Foreign Investment in US Property Drops

(Via CoStar Group)

Outbound Capital Tops Amount Coming Into the US for First Time in Four Years

Amid the China-U.S. trade war, the pace of cross-border capital flows to U.S. has slowed down. (Getty Images)
Amid the China-U.S. trade war, the pace of cross-border capital flows to U.S. has slowed down. (Getty Images)

Foreign investment in U.S. commercial real estate declined so much during the first half of the year that more of that money left the country than came in for the first time in four years.

Capital investments in commercial property flowing into the United States totaled $17 billion between Jan. 1 and June 30, a decline of 48% from the same time in 2018, CBRE’s report of U.S. inbound and outbound capital found. CBRE said about half the drop-off can be attributed to a decline in mergers and acquisitions, which hit record levels in 2018, in the first half of this year.

“With the longest global economic expansion on record, international investors face an increasingly complex calculus in identifying cost-effective opportunities for potential downturn protection, slowing the pace of cross-border capital flows to and from the U.S.,” CBRE said in a preview of the full report expected to be released Tuesday.

In comparison, U.S. investment in properties abroad totaled $18.6 billion in the first half of 2019, an 18% decline from the same time last year, according to the CBRE report.

“Given the less-pronounced pullback in outbound capital, overseas outflows by U.S. investors outpaced U.S. inflows from foreign investors, reversing the trend of the past four years,” CBRE said in the report preview.

The No. 1 destination of U.S. capital was the United Kingdom, where U.S. investments in property jumped to $4.8 billion in the first half of 2019, a 26.1% increase over the same time in 2018, according to CBRE.

While a slowdown in company-level acquisitions played a role in the drop in the amount of foreign capital flowing into the U.S. property market, other factors played a role.

Earlier this year AFIRE, an association of global investors focused on U.S. institutional real estate, asked its members about what they perceived to be the greatest risk of cross-border investing. The respondents listed currency fluctuations and geopolitical uncertainty among their concerns, and 78% agreed that the tariff disputes and trade wars between the United States and other countries would affect cross-border investments this year.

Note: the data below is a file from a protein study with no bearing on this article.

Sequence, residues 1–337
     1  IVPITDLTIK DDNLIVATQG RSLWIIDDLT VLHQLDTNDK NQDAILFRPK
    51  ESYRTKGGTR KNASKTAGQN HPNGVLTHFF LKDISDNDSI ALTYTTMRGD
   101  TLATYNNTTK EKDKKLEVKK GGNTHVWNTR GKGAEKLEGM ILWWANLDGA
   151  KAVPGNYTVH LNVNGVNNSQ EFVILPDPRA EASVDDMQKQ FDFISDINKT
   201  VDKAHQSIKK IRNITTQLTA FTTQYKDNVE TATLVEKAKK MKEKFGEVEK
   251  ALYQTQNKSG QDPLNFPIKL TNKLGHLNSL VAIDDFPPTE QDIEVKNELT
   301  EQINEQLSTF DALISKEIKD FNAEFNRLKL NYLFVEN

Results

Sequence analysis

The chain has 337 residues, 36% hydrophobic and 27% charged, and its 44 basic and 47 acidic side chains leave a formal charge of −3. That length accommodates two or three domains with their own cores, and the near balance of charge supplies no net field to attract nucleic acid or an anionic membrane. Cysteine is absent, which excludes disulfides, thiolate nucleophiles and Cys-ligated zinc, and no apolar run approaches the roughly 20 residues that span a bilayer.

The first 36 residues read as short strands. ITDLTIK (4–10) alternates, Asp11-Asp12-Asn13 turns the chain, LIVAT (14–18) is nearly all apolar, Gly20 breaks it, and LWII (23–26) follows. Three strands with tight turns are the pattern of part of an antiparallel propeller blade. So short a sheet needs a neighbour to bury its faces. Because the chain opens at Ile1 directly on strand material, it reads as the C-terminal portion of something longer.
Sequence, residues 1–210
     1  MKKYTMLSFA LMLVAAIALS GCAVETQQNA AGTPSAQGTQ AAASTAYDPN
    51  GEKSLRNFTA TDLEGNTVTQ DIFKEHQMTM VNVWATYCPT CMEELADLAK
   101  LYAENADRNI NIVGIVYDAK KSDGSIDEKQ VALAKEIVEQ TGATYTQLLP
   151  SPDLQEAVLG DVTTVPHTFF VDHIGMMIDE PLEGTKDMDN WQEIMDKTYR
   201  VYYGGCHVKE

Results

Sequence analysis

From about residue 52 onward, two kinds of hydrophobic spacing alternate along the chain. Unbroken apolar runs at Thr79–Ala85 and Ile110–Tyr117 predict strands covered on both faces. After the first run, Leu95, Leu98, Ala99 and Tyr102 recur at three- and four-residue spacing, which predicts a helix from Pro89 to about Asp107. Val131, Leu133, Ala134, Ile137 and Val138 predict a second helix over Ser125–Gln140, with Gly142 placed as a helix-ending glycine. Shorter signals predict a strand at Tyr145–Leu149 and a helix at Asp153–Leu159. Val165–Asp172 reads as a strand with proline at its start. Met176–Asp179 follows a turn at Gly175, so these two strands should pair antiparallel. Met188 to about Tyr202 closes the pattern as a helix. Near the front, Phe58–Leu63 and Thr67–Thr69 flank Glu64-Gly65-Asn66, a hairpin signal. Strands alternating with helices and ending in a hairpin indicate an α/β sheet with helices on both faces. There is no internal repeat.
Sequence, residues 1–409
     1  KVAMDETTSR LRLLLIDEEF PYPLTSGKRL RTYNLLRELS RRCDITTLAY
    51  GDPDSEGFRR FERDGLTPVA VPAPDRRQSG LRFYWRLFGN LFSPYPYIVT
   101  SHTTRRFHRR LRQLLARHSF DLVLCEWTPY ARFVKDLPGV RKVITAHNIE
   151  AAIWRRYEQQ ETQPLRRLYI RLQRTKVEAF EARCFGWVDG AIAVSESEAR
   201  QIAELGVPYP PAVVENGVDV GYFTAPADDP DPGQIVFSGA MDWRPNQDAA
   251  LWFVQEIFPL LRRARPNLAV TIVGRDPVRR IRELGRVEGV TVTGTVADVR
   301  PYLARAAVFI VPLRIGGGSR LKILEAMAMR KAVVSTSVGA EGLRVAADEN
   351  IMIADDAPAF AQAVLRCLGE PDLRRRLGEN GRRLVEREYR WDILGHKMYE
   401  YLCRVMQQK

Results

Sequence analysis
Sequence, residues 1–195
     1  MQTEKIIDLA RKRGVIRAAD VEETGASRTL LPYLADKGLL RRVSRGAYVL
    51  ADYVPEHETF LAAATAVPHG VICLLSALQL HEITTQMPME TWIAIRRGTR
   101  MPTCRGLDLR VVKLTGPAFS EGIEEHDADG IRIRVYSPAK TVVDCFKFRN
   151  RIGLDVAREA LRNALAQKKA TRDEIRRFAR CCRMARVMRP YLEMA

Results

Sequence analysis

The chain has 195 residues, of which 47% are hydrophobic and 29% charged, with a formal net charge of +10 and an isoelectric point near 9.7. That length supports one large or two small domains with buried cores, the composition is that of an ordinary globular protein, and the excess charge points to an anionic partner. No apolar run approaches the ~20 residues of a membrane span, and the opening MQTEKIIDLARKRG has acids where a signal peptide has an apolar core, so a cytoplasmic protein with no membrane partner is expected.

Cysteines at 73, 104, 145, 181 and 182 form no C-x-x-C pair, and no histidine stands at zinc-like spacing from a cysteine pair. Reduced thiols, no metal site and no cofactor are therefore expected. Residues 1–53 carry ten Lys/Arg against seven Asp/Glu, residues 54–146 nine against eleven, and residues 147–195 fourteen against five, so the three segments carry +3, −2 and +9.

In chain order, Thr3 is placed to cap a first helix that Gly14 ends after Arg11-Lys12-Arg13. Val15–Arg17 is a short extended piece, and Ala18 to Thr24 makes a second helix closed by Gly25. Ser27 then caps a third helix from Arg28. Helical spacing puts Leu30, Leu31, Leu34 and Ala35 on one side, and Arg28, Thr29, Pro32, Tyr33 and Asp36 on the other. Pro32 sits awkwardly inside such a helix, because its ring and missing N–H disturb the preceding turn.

Inbound capital investing in U.S. property fell 48% in the first half of 2019, a CBRE report says. (CBRE)

As the AFIRE survey respondents predicted, trade tensions between the U.S. and China impacted the share of capital inflow from the Asia-Pacific region. APAC’s total capital inflow to the U.S. property market dropped to 18% of overall volume in the first half of 2019, down from 32% in the same time the year before.

“Inbound volume from APAC dropped most notably, particularly from China and Singapore, which had been among the top-five capital sources in recent years,” the CBRE report said. “Meanwhile, regional share for the Middle East increased nearly fivefold to 24% from less than 5%.”

The most money coming into U.S. commercial real estate came from Canada, which increased 31.3% to $5.3 billion in the first half of the year, according to the CBRE capital flow report. Israel was second with $1.4 billion and Germany third with $1.1 billion, the CBRE report says.

One bright spot has materialized this year in terms of foreign investment in U.S. commercial real estate. Cross-border capital being used to acquire net-lease properties increased to $3.9 billion in the second quarter, a 78.4% jump compared with the same time in 2018, according to CBRE’s U.S. Net-Lease Investment Report.

“The global search for yield and portfolio diversification is attracting international investors to the U.S. net-lease market,” that CBRE report says. Canada, Germany and South Korea were the top country sources of capital invested in net-lease properties, which means the tenant covers most of the property’s operating expense.

“Foreign investors’ appetite for U.S. net-lease properties has increased more than any other investor group,” said Will Pike, vice chairman of Net Lease Properties for Capital Markets, said a statement. “This is further evidence that global capital flows prioritize the risk adjusted returns of the net lease sector and will continue to invest in the asset class.”

International buyers accounted for nearly 19% of the second quarter’s net-lease transaction volume, their highest level since 2015, according to CBRE.

The top cities for foreign capital investment in net-lease properties were New York City, San Francisco, Miami, Houston, Los Angeles and Chicago, with Related Cos. and Allianz Real Estate of America’s $2.2 billion acquisition of the office condominium at 30 Hudson Yards in New York City being the single largest deal, according to the CBRE net lease report.